Goodbye 2018!

 


I’m happy to say goodbye to 2018. It was a year of hard learned lessons. Some I suppose I should have learned a long ago and some I’ve struggled to accept despite all the evidence. In the end denial could only take me so far. Resistance is futile.

I have learned about pain so deep that it sunk into the marrow of my bones and settled into the fiber of my being. For me, grief is a solitary, isolating sorrow. A muted sense of melancholy that enveloped, cocooned, and finally consumed me this year. I couldn’t seem to shake it and finally succumbed to the pain, heartache and loss. In the end, that was my saving grace, acquiescence. The only way out was through the labyrinth of sorrow. I felt tired, weary, my spirit ragged and exhausted. Unexpectedly there was a stirring, a slight shift in the air. Which was slowly replaced with a thin veil of hope. A stripping away of the grief. Like a string of lights, each igniting the next light and so on until a path was finally illuminated. A way out.

Now it is time to unwrap myself from the silken tentacles of grief and begin to live fully again. So adieu, 2018. It was a rough and tumble ride. I’m grateful for the lessons along the way but sadness is heavy. It weighted me down and the only way back to the surface was to accept what could not be changed.  Life isn’t meant to be lived in the shallow end. 

Welcome 2019! The road was dark and deep but I have promises to keep. Pardon me, I think I see joy ahead.   

Transitions!

Moving from one familiar place to another unknown and unfamiliar territory causes me angst. Even if I know the change is good for me I still find myself looking longingly over my shoulder at what should or could have been, wondering if I’ve made the right decision. Should I go back or trudge blindingly forward? 

Finally with apprehension and trepidation I  slowly turn my head and my focus to the challenges ahead. I take a deep breath, square my shoulders and I plunge on. I promise not to look back. I try not to relive only the most wonderful memories and glamorize the things I’ve left behind. I remind myself that I am moving on for a reason. I remind myself that letting go of people, places and things is very difficult for me. Often it is the absolute last resort as I am a born problem solver. I try getting over a problem, through, under, around, ….exhaustion ensues and I have to admit I’ve done all that I can. Again and again. Time to let go. To go where?

Truly it’s not the flying, plummeting, free fall that I mind so much, exactly. No, it’s the terrifying white knuckle moments right before flight that is my nemesis. I cling, shredding my nails, clutching tightly until my arms cramp, making useless and futile bargains with God in a vain attempt to forestall the inevitable…. letting go, saying goodbye. Moving on. Falling into the hollowness with no flight plan and no parachute.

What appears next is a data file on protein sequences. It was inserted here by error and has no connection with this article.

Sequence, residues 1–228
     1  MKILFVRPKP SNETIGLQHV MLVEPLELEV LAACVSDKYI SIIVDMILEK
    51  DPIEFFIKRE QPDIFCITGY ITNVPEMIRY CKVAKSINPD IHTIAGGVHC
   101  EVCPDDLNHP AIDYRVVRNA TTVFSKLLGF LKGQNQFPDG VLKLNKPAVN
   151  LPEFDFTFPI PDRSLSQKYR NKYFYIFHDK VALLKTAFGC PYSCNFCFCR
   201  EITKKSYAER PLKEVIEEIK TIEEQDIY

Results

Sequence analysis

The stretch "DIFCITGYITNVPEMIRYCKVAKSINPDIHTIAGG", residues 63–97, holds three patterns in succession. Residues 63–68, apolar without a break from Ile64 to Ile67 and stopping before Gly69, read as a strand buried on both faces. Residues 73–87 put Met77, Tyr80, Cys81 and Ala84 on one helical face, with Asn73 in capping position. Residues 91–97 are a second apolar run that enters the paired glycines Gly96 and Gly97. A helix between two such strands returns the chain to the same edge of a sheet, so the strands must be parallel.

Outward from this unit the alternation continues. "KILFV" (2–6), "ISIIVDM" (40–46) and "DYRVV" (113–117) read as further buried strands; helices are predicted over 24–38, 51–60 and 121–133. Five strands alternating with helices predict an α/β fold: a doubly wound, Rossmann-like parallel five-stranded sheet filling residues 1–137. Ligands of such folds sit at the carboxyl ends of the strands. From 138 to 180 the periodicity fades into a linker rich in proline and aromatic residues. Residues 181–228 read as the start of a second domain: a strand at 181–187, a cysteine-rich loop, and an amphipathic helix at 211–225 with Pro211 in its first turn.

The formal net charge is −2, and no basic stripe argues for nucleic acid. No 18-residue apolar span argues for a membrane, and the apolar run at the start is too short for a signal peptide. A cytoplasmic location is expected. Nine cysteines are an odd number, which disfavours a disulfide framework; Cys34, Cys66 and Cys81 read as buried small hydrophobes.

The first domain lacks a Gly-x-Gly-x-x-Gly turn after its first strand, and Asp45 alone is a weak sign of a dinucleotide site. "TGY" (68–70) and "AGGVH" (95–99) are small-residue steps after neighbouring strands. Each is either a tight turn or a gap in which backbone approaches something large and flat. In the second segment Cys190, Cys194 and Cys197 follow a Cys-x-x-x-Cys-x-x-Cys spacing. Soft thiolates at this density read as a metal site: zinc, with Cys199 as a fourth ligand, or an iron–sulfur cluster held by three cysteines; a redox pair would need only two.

Finally, I slowly loosen my death-like clutch on the past…. I release myself to the fates and to the winds of change. I will attempt to be gracious, open-minded, curious and kind. I will use this time of transition to become a better version of myself with my newfound knowledge and enlightenment. I will open my arms wide and appreciate the storm of change as the past whips by with the sound of a locomotive and the silence of transition approaches , engulfs and hopefully cradles me.

It is here my work will begin. I will land in a different place and my climb will begin anew. Ascending and trusting the Godwinks I must now rely on as if my life depended on it, because surely it does. I’m in uncharted water apprehensive and uncertain. It will be here that my new purpose and my faith will collide. Trusting that while I am uncomfortable and tentative I will prevail. I will pray for guidance and strength to trust that deep in the dark abyss of transition there is a safety net that is as yet unseen.

It is a comfort and a relief to know that I am not alone. At the very least I hope to find that I am braver than I know. 

 

 

 

 

 

Masters Class..

I find New Year’s Resolutions often boring and predictable. I spent this New Year’s Eve ushering in the New Year with my Mom and three of her life long, good friends. I found their perspective and life views to cause me to stop, think, and review my purpose in the world as a woman, friend, and mother. I was honored to sit and be schooled by four teachers, (including my Mom) who have enlightened hundreds of students over the span of their collective lifetime. Silently and unwittingly, I had entered a Masters Class.

The evening was spent playing games, cooking, eating, watching a funny movie and talking, debating and sharing, no holds barred. These women are not shrinking violets. Each in their own right have achieved great success as teachers, mothers, educators, administrators, feminists, and women. They take their roles as educators very seriously. It is their calling and they know their stuff.